Cultural Stereotypes In Yolngu Boy And Black Chicks Talking '

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Indigenous Youth and their oppression in a modern white Australia
We may be living in a time where social and cultural equality is becoming an important issue and topic in many countries. However here in Australia Indigenous Australians are still being oppressed and marginalised by a dominant white culture. Aboriginal youth have been born into this dominance but arguably suffer from the stereotypes the most in today’s society. The films Yolngu Boy and Black Chicks Talking highlight these issues and how cultural issues can interplay with Indigenous youth’s influences growing up in contemporary Australia today. This essay explores the different stereotypes and their effects on Aboriginal youth, also looking at the main cultural influences on
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In Yolngu Boy the best example of Indigenous Australians being connected and influenced by traditional indigenous is Lorrpu who was determined to get his own ceremony to become a man. The skills he learns from his elder Dawu also helps the three boys when they go on their journey to Darwin as it is Lorrpu’s idea to build a boat out of trees and to make a rope to spear fish. He also paints himself when he goes hunting because he knows it is a sign of a man and he knows his families traditions and beliefs. In contrast Milika is almost the total opposite. He still cares about his culture and wants to make his community proud however he wants to do that by becoming a professional AFL player which is a predominately white dominated sport. Milika is also much more dependent on things Europeans have created and have filtered down to Aboriginal Australia. For example when the three boys run away to Darwin, instead of bringing useful things such as knives he brings his music player and headphones as well as chocolate and …show more content…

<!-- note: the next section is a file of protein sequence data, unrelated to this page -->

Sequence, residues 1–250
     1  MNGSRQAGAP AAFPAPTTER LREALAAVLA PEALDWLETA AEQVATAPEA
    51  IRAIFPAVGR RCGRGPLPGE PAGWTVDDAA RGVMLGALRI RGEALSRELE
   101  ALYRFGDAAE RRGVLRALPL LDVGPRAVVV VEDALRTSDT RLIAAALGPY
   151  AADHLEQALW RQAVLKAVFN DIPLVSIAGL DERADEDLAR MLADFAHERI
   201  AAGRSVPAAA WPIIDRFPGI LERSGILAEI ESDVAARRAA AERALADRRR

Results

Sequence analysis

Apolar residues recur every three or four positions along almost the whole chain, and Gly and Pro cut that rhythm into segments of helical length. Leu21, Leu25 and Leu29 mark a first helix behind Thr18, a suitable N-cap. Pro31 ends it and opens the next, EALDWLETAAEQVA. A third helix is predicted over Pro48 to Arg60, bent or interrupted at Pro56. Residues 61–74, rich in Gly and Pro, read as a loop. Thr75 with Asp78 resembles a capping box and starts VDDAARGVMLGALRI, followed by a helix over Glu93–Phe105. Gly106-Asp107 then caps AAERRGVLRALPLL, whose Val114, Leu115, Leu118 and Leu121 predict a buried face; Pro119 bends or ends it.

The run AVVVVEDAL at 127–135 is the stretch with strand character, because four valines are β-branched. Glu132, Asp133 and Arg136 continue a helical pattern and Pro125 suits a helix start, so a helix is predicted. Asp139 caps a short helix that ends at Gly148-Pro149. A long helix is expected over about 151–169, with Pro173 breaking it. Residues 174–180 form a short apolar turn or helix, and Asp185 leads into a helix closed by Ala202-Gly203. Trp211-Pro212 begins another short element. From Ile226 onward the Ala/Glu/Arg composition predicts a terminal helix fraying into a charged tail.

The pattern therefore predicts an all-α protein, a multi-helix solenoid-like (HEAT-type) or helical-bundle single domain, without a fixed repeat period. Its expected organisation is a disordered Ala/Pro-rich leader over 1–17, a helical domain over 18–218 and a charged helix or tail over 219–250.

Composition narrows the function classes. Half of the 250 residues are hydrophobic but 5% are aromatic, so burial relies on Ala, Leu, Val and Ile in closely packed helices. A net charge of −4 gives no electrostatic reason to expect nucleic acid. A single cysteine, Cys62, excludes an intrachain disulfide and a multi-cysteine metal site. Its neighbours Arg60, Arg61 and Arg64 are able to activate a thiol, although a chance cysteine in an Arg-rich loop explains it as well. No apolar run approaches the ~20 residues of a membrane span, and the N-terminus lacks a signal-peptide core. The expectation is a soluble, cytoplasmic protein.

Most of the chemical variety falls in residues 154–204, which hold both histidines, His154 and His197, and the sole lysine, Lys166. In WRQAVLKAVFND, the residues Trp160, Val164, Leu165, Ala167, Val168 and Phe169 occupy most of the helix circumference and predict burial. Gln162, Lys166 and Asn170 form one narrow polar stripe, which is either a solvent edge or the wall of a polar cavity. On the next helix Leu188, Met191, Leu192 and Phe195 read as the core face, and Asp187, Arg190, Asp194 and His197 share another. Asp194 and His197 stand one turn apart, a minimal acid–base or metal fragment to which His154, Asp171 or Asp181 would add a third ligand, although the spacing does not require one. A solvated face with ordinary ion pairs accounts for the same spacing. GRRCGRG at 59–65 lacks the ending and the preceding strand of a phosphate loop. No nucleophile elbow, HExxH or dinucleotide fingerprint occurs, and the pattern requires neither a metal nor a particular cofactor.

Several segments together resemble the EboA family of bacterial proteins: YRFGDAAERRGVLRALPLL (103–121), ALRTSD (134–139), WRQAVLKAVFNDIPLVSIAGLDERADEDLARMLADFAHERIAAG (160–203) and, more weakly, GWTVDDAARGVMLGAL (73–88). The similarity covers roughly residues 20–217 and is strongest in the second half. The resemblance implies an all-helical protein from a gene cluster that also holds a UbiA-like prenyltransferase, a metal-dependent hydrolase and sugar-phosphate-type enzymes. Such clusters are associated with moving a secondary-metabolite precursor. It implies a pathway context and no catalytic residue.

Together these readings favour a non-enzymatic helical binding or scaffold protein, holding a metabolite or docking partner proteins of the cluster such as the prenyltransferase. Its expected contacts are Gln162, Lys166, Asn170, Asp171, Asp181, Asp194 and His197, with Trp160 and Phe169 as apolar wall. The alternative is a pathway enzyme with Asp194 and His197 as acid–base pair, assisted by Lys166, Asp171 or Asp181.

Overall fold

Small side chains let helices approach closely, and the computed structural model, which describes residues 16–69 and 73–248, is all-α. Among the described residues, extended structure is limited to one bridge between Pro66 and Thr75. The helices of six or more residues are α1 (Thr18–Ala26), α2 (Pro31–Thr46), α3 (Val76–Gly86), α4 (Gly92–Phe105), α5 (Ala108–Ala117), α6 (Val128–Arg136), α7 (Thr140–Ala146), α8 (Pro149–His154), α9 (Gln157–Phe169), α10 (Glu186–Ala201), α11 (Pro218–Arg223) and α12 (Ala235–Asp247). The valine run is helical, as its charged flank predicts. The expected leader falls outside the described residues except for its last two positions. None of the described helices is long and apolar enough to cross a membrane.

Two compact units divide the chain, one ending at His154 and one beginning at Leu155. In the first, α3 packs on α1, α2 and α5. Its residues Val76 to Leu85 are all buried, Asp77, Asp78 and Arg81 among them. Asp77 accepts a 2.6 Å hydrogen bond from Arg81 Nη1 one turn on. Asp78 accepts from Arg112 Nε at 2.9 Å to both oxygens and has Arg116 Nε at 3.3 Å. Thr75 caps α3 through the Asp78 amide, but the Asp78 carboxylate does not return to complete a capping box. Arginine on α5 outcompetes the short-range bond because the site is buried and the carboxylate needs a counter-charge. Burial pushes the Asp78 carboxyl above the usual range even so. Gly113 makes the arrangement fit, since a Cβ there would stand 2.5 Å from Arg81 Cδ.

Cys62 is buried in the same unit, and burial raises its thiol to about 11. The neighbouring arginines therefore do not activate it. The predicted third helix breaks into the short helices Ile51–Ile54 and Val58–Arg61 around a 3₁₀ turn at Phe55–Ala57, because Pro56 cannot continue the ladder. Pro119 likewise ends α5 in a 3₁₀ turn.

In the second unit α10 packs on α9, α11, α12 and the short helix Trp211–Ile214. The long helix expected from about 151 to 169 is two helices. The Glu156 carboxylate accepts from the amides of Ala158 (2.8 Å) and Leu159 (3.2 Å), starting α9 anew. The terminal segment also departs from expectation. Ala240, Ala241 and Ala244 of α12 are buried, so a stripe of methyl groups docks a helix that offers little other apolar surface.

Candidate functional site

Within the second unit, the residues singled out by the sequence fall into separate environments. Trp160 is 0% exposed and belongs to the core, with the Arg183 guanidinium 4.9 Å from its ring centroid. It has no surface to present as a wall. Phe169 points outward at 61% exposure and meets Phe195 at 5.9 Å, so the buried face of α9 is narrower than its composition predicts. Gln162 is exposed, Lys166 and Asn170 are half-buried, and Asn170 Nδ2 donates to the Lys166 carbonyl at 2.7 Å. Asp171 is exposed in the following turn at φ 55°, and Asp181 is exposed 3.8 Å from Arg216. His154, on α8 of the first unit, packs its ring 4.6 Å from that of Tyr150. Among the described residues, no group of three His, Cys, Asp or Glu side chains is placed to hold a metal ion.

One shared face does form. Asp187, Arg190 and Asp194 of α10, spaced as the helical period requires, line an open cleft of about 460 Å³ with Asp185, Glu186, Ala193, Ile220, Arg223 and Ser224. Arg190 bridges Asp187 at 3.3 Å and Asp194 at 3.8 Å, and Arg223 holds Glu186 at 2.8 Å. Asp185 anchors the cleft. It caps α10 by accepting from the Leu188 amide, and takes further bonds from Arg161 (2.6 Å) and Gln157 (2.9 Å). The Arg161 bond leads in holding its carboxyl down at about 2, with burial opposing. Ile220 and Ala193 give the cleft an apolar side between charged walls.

In this documentary eight indigenous women enjoyed a dinner party to discuss their lives. One of the women, Kathryn Hay believed she was ‘too influenced by western culture to be sitting at the same table as these women who were much darker in colour and had been brought up with more tradition’ (Hay, n.d.). She said she almost felt embarrassed to be filmed knowing people may think badly of her as she doesn’t know anything about the language, lifestyle or the terminology that goes along with being Aboriginal. Actress Deborah Mailman had a wonderful mix of pride in her Indigenous culture and a positive influence within Australia television and media. By Mailman having such a strong career in an industry where Indigenous Australians are a minority she has helped to begin to disregard those negative stereotypes of Aboriginals within Australia and has also given Indigenous youth a positive role model that associates with the same culture they

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